Have you been wondering what all this CBD buzz is about? Many of us have gone down the rabbit hole when trying to google something, only to end up even more confused by the end of our search.  In this post, we will eliminate confusion and give you the important details when it comes to the question: What is CBD? Let’s start with the science. 

The Science Behind CBD

Cannabidiol (CBD) is what we call a cannabinoid, or very simply put, a chemical compound that is found in the cannabis plant. Hemp and marijuana, as we know them, are two different sub-species of the cannabis plant family. Cannabinoids are found in both, in varying degrees. CBD has only recently been brought into the spotlight for its enormous therapeutic potential, and unlike its counterpart THC, it does not cause the user to experience a high. So, what is CBD good for? 

The ECS of the Brain and Body 

The answer lies in the understanding of our own ECS.  Our body produces its own cannabinoids (called endocannabinoids) that interact with the endocannabinoid system (ECS) of the brain and body. The ECS is a regulatory system responsible for vital functions including immune support, mood regulation, memory, pain response, appetite, sleep, and more. Endocannabinoids may fall below a desirable level or become imbalanced. When this happens, we can experience many of the ailments people encounter every day (insomnia, mood disorders, pain, etc).  Supplementing with CBD from a natural plant source like hemp can be extremely beneficial to counteract these imbalances. Now, let’s learn about what CBD can help us with!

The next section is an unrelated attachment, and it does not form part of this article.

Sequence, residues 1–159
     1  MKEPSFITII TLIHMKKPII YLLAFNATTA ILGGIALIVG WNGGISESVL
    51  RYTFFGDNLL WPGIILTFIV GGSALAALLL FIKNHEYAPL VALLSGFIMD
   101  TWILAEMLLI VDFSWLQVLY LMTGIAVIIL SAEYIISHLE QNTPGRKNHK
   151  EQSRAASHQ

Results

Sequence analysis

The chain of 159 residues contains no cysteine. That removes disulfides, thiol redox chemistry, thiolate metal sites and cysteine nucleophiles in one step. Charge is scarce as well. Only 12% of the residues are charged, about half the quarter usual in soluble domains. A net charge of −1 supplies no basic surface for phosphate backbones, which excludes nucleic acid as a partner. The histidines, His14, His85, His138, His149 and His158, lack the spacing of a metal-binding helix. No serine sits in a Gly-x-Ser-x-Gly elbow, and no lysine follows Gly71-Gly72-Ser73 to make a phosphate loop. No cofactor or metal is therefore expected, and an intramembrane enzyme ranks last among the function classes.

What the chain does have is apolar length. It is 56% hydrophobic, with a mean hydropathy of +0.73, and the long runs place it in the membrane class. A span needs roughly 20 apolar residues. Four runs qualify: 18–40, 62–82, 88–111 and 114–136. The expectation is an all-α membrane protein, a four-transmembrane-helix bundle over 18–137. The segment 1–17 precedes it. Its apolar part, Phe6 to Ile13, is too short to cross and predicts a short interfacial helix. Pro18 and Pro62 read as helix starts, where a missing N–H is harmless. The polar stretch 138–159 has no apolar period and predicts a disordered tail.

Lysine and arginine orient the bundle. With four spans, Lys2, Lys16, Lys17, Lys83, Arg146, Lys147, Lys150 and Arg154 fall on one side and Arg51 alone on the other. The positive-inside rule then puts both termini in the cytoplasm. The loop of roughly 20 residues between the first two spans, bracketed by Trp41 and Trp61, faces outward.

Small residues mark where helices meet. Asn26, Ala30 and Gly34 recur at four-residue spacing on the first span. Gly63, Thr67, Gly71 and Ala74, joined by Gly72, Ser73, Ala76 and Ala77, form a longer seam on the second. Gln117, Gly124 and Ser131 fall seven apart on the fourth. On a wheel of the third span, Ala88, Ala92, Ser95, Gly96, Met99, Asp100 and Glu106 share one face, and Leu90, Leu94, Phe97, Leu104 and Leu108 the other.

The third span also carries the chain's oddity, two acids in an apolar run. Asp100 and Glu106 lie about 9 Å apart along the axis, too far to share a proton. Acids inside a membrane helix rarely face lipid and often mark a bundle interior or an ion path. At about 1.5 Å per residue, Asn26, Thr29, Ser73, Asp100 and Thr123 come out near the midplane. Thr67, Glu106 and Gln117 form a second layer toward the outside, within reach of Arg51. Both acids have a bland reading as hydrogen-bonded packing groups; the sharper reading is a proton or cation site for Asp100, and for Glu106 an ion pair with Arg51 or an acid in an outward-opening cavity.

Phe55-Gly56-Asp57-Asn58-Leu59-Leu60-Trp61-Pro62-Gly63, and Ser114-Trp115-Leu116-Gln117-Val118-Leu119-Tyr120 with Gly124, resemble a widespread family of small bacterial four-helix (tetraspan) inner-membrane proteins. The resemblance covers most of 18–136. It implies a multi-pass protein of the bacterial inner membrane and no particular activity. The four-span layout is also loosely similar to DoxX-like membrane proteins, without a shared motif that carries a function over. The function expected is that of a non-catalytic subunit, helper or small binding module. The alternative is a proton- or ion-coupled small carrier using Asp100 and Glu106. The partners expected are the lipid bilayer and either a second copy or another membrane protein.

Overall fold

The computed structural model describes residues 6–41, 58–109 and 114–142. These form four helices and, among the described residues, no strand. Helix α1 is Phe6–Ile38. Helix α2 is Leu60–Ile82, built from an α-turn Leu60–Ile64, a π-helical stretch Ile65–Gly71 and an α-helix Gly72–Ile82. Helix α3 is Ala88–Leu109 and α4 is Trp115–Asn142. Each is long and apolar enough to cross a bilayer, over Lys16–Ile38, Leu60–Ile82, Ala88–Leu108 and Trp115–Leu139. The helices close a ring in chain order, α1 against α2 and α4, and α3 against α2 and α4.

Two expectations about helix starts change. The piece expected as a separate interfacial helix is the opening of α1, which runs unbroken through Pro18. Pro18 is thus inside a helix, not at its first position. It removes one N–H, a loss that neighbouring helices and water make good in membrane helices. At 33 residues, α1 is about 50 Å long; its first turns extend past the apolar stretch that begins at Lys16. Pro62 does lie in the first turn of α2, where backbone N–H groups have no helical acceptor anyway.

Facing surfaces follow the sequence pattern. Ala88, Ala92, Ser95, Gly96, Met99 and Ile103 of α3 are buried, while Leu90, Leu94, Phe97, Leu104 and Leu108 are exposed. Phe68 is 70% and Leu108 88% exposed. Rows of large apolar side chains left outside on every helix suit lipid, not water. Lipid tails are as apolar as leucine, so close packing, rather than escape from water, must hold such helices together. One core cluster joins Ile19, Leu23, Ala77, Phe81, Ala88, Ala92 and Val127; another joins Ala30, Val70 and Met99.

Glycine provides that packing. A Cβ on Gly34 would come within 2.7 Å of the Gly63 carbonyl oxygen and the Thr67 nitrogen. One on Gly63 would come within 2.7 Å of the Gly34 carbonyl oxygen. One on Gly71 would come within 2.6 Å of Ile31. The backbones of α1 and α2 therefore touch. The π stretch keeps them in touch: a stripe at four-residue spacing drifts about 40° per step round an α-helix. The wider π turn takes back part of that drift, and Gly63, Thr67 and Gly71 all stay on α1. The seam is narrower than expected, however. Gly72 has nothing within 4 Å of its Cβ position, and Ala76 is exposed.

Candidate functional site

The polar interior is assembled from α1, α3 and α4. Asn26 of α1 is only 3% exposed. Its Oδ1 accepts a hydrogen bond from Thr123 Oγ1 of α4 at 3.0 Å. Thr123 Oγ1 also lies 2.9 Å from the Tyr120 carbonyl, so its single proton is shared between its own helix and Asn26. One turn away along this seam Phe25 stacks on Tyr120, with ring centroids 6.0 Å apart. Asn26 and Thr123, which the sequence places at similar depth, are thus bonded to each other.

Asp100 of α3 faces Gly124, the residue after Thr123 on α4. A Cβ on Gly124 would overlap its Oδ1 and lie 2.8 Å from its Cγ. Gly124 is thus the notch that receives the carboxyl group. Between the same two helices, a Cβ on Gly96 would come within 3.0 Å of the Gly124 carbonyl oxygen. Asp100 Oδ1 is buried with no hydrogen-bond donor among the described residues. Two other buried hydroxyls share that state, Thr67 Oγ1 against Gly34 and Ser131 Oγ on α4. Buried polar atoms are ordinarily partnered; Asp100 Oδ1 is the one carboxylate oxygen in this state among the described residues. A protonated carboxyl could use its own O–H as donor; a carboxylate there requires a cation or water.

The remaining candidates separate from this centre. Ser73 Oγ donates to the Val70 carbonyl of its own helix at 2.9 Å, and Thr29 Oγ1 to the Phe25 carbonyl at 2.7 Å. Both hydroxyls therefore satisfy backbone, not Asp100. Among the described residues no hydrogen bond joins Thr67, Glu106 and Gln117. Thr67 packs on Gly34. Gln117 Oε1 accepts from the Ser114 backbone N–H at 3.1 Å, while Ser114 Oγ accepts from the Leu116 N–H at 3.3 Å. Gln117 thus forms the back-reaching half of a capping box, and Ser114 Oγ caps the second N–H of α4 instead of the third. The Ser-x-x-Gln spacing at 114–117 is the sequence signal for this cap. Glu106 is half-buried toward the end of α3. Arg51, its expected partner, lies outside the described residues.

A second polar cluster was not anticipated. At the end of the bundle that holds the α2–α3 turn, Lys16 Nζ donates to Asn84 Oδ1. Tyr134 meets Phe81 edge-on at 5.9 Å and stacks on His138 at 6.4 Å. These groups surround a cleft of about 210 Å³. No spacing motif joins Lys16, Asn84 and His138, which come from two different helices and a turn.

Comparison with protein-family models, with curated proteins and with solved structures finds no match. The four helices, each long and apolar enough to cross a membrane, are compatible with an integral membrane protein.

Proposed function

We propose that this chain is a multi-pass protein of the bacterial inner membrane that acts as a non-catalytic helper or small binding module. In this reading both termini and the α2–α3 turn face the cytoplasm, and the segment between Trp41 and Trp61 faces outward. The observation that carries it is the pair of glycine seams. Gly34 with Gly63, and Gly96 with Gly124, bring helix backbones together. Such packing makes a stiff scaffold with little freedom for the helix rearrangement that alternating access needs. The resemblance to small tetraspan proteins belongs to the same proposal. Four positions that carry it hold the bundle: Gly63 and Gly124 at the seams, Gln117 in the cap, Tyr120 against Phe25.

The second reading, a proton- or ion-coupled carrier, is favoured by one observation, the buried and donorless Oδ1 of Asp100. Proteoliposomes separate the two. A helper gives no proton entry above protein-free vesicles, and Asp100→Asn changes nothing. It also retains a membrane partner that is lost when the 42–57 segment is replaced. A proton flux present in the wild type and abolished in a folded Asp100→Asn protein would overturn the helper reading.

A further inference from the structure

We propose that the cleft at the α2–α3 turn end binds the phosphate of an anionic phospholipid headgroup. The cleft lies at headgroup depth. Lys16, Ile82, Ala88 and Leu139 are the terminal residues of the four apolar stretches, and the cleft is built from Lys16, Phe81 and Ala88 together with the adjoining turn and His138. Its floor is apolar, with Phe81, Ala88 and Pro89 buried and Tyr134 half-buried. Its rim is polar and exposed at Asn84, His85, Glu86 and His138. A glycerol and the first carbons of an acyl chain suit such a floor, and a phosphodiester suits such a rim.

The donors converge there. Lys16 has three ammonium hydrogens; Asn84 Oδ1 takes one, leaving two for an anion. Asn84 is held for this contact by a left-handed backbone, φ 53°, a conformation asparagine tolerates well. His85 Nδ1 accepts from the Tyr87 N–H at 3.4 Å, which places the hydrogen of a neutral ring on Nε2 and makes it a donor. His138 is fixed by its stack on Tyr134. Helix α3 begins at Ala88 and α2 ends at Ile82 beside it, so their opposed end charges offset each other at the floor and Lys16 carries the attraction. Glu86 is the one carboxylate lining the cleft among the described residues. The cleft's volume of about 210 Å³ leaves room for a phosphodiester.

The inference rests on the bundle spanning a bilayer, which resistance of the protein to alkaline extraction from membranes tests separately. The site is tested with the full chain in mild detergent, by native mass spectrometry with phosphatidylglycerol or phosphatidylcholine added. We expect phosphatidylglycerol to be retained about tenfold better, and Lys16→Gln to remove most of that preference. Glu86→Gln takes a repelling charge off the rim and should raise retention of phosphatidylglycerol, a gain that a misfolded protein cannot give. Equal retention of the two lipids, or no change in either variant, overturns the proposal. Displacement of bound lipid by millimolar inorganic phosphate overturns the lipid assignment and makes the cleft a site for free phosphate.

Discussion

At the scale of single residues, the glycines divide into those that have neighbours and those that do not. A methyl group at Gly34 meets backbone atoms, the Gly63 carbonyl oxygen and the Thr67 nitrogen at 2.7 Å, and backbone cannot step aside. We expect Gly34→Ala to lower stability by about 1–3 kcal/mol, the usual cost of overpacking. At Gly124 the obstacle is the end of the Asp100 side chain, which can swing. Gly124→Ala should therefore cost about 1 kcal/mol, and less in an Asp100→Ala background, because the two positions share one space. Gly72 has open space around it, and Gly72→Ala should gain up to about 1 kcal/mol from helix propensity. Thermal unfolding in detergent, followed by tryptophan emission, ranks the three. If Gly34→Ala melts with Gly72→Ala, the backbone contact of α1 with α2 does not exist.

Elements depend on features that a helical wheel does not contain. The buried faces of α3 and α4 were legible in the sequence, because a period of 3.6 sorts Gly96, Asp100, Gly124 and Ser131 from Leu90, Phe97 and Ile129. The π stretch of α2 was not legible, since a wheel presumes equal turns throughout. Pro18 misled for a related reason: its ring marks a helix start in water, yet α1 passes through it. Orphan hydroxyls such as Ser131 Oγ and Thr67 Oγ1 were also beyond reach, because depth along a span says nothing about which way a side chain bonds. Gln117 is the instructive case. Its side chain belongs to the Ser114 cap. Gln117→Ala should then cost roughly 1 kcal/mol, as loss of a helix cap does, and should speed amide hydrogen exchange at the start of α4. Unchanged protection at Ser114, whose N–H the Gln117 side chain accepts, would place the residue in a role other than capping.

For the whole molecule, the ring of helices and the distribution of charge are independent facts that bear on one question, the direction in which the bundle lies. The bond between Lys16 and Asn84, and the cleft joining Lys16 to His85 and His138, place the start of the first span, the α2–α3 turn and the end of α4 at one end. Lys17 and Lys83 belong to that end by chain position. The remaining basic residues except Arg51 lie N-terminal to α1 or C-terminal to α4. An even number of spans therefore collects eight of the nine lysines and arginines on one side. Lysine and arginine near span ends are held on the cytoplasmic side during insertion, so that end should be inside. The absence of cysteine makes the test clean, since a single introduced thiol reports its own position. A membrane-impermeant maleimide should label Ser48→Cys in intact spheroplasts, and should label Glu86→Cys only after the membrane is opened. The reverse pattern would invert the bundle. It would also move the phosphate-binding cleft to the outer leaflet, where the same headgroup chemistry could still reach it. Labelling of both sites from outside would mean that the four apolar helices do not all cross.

What Can CBD Help With?

Preclinical evidence conclusively demonstrates that CBD is effective at reducing anxiety associated with PTSD, postpartum depression, obsessive-compulsive disorder, and seasonal affective disorder, among others [1]. Countless studies show that CBD has the potential to aid in relief from anxiety and stress, reduce inflammation and pain, aid in after-workout recovery, and increase the quality of sleep. CBD has also been shown to have neuroprotective, antispasmodic, anticonvulsant, antioxidant and antidepressant properties [2]. 

There is on-going research to understand the positive effects CBD has on addiction to various recreational drugs, alcohol, and tobacco [3]. As we can see from its wide-range of health-promoting benefits, CBD is rightfully getting the attention it deserves. But wait, do you need to have an ailment or disease to use CBD? No, CBD can very simply be added to a daily routine to optimize health. Our bodies are always striving to be in homeostasis (which is another word for balance), and CBD helps us achieve that. Are you thinking you may want to try CBD for yourself?  Let’s find out the various ways to consume it.

Methods of Delivery 

CBD can be consumed in a variety of ways. There are CBD oils that can be dropped under the tongue, oils and concentrates that can be vaped, flower that can be smoked, edibles and capsules that can be ingested, and topicals that can be applied to the skin.